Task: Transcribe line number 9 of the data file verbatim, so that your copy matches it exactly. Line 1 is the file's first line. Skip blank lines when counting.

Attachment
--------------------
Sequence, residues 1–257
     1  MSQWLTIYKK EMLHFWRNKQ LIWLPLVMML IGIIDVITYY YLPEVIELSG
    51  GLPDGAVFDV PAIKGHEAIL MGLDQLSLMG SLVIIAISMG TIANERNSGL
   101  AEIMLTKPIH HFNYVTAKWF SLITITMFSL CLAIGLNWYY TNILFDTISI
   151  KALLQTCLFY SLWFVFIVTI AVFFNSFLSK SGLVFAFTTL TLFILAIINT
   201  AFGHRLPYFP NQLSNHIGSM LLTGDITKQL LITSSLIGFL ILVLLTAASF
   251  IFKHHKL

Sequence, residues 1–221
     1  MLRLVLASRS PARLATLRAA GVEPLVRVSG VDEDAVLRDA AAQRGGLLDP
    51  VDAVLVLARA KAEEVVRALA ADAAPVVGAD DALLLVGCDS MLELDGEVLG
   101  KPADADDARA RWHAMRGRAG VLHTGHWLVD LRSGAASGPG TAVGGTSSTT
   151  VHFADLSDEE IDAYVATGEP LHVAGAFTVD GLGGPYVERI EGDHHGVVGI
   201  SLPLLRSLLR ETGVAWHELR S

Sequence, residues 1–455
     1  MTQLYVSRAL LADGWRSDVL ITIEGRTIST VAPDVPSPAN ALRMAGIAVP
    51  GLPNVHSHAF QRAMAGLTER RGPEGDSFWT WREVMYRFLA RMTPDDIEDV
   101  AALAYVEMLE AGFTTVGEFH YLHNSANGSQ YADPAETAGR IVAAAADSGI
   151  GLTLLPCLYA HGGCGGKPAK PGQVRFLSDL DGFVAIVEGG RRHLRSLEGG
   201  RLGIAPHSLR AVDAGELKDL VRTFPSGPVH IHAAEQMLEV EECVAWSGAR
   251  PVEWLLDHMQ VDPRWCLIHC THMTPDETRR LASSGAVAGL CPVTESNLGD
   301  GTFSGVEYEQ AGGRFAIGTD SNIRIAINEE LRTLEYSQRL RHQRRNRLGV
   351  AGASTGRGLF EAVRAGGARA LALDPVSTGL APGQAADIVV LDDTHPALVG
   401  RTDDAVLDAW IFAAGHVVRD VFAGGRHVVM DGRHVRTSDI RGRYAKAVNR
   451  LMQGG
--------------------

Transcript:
     1  MLRLVLASRS PARLATLRAA GVEPLVRVSG VDEDAVLRDA AAQRGGLLDP